BOOKS: Operation Pet Rescue: Survivors of the Oakland, California Firestorm

From ANIMAL PEOPLE, October 1994:

Operation Pet Rescue: Survivors of the
Oakland, California Firestorm, by Gregory
N. Zampolis. J.N. Townsend Publishing (12
Greenleaf Drive, Exeter, NH 03833), 1994. 170
pages. $21.00 hardback.
This was a book I couldn’t put down! It held per-
sonal associations for me, a resident of Berkeley––adjoining
Oakland––during the 1991 fire and aftermath it describes.
Berkeley too sustained major fire losses. I was there as well
for the fire of 1970, which also razed many homes, fueled by
dry eucalyptus, and heard many times of my mother-in-law’s
flight, on foot, firstborn in a perambulator, from the 1923
fire that threatened to annihilate town and campus. Moreover,
as I read, a forest fire raged a little over a hour’s drive away
from me in Washington state.

Aside from personal associations, we all thrill to
stories of ordinary folk with animals like our own, who when
hit by calamity rise to unexpected heights of bravery, persis-
tence, sacrifice, and compassion. Zampolis is writing true
stories, with actual names, including those of the persons
whose jobs or avocations sent them to the scene to care for
the animal victims, where they stayed, and remain, helping
the occasional animal who still turns up. No file is closed
without some definite word as to the animal’s fate.
How did so many animals get separated from their
owners? First, this was a very large fire in a densely populat-
ed area. It was an affluent area, where many families owned
a number of pets. The fire got out of hand on a weekday
afternoon when many residents were away at work or school.
When they tried to return, streets were already impassible,
ablaze or cordoned off to allow unimpeded firefighting, pre-
vent looting, and prevent human loss. Nonetheless, some
pet owners dared attempt to go in and remove their animals,
only to discover them missing, having fled from locked
rooms somehow, or hiding and too terrorized to be found.
Some survived under incredible circumstances, in culverts
beneath the inferno, floating in a flooded elevator shaft, etc.
After the fire, constant patrols brought food and water and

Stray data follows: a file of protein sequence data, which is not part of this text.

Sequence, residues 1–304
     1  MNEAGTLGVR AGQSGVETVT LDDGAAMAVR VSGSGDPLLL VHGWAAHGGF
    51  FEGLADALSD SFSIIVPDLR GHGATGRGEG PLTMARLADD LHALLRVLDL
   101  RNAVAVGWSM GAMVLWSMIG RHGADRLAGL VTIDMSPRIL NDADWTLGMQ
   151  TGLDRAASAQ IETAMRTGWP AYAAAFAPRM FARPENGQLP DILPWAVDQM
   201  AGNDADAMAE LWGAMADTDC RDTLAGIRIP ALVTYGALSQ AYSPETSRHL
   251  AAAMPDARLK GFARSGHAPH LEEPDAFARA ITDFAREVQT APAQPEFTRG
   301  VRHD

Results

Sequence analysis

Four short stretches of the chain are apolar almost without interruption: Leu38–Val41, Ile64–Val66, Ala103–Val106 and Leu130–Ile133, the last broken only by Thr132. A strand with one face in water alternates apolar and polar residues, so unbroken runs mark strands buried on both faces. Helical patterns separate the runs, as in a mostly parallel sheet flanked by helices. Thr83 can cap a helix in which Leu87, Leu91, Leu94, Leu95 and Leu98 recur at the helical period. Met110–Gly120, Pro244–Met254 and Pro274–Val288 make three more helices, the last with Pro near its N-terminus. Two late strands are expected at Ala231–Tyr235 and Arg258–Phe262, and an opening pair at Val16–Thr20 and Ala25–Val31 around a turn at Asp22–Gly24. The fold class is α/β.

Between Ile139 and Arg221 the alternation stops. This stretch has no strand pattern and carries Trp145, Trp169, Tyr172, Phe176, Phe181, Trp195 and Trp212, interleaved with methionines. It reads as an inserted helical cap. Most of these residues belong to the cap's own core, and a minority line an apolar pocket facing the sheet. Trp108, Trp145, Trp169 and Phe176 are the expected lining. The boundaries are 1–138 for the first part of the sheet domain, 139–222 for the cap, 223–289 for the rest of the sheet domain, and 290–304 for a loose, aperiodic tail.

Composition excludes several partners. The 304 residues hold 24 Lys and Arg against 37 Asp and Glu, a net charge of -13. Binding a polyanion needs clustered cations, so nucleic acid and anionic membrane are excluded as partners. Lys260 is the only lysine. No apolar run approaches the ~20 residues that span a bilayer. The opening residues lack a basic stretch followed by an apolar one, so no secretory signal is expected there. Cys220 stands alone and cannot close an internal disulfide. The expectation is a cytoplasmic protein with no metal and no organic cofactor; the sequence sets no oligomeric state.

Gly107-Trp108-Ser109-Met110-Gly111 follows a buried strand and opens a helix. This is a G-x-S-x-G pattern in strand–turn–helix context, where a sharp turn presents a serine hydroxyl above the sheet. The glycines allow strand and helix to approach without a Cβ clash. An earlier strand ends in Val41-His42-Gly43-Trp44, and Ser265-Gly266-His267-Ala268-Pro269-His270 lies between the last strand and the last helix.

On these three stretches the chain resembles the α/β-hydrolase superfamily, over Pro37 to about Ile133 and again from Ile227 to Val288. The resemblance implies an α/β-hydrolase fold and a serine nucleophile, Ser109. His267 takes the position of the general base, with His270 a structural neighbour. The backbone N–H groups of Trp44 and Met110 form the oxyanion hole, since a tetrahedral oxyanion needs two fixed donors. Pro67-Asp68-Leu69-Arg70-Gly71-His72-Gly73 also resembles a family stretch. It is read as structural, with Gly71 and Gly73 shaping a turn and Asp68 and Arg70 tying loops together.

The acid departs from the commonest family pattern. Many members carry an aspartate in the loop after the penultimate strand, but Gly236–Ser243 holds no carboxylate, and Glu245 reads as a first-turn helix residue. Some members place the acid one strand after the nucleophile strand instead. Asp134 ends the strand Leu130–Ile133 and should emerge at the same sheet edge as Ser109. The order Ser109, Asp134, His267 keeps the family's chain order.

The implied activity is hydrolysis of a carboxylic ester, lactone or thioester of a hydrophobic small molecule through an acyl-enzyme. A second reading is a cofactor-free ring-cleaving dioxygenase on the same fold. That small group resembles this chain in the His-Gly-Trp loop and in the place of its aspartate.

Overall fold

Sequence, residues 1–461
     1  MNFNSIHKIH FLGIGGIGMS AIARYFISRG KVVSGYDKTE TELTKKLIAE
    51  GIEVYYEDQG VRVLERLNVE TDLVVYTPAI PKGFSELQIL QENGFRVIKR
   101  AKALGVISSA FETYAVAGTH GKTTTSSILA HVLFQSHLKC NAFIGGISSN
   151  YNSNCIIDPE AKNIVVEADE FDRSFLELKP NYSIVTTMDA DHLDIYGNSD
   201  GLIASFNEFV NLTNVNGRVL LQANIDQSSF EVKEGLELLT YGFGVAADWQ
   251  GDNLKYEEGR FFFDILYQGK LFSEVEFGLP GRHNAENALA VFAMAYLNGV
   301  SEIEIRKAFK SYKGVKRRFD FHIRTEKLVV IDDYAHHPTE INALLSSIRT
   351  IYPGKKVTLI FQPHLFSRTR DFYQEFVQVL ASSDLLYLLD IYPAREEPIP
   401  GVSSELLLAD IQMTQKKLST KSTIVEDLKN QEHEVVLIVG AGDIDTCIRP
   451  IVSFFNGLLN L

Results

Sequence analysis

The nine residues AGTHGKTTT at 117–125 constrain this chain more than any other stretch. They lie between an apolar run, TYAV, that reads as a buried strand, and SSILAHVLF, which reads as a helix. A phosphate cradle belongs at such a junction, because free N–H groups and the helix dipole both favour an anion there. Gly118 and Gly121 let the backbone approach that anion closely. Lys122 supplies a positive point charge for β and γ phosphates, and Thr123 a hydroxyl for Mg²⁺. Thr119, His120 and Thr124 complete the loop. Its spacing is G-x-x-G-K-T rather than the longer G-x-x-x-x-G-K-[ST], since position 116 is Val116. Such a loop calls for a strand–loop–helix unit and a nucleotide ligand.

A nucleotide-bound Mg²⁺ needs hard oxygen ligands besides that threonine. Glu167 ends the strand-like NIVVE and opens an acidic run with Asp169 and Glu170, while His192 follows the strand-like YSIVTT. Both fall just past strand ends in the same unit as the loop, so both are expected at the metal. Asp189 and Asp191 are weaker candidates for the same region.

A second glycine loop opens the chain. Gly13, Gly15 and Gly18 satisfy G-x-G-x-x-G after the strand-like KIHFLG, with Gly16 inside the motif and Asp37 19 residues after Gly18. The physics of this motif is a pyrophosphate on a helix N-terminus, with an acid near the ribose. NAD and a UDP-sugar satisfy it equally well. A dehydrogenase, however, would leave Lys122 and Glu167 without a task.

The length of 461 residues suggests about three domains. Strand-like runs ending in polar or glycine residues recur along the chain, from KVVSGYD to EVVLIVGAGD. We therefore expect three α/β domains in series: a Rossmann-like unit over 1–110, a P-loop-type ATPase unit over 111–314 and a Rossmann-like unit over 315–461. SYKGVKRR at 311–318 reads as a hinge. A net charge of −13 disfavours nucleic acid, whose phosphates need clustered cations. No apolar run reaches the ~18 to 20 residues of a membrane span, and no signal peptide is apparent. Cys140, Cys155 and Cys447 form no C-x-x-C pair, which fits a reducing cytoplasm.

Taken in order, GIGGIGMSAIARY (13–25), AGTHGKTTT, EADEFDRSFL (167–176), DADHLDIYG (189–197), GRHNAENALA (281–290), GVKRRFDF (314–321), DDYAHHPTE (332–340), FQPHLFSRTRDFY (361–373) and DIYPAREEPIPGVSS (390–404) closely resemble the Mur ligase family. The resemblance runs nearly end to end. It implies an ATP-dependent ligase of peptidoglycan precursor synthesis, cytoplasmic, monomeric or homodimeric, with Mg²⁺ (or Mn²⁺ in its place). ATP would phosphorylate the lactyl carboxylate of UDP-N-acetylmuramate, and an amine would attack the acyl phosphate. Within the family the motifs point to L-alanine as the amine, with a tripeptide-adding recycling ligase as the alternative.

tried to trap animals for medical care, identification and hold-
ing. Catching the wilier animals often took months.
Why was it so difficult to reunite owners and pets?
Aside from the number of owners who were dead, disabled,
or had nowhere to take their pets, nor any means of searching
for them while in strictly temporary billets, there was the
sheer number of places to look. Every veterinary hospital
held its share of rescues, with vets unconcerned about poten-
tial payment. Most worked too hard with the sudden
onslaught of pet problems to have time for painstaking
descriptions, and there were many untagged pets, tags with
obsolete information, and added to the ineptness to some per-
sons’ descriptions, especially under stress, there were burned
and discolored coats that concealed special markings, as well
as animals who managed to get so far away that it was ques-
tioned if they really were from the fire zone. Moreover,
some animal lovers who rescued or took in strays did not
want to turn them in at shelters because word had not reached
them all that the shelters had suspended their usual rules
about mandatory euthanasia of animals unclaimed after a cer-
tain number of days. These Samaritans did not envision own-
ers going depserately to shelters and not finding their animals;
instead, they nursed the animals and posted little notes on
bulletin boards.
In the end, there was bad news for many, but
Zampolis concentrates on the joy of families whose reunions
came after hope failed, or after long, loyal heedlessness of
proability. You want miracles? He describes many.
Zampolis’ narrative is both skillful and gripping.
Not only the heroes and rescue workers but also the many
individuals and families and pets whose stories he tells are
named and characterized. The threads of each story are
detailed, with no ends left hanging. He describes the fire as it
advances, block by block and indeed house by house. He
follows the aftermath searches, and the sad cases where
reunions were followed by a second and final loss of the
frightened animal. Zampolis points out that animals who
have been through such trauma rarely maintain the same per-
sonality. He also notes the human trauma involved, explain-
ing why volunteer rescuers declined relief, feeling that vic-
tims were helped by seeing familiar faces as they made their
rounds of the rescue organizations. Those of us whose offers
to help were refused now know why.
There are also poignant vignettes about the big dog
who had to be dragged from certain death beside his mistress’
body, and the little cat, Mr. Fox, who emerged from hiding
only when friends of the owner thought to place a tape
recorder in the ashes of his former home, playing the cat’s
favorite selections from Pavarotti.
The author would like us to learn from this disaster
how to prepare and so mitigate suffering in the future. A
good way to start would be to form a personal disaster plan,
for emergency escape from one’s own home, not forgetting
plans for all pets.
––Phyllis Clifton
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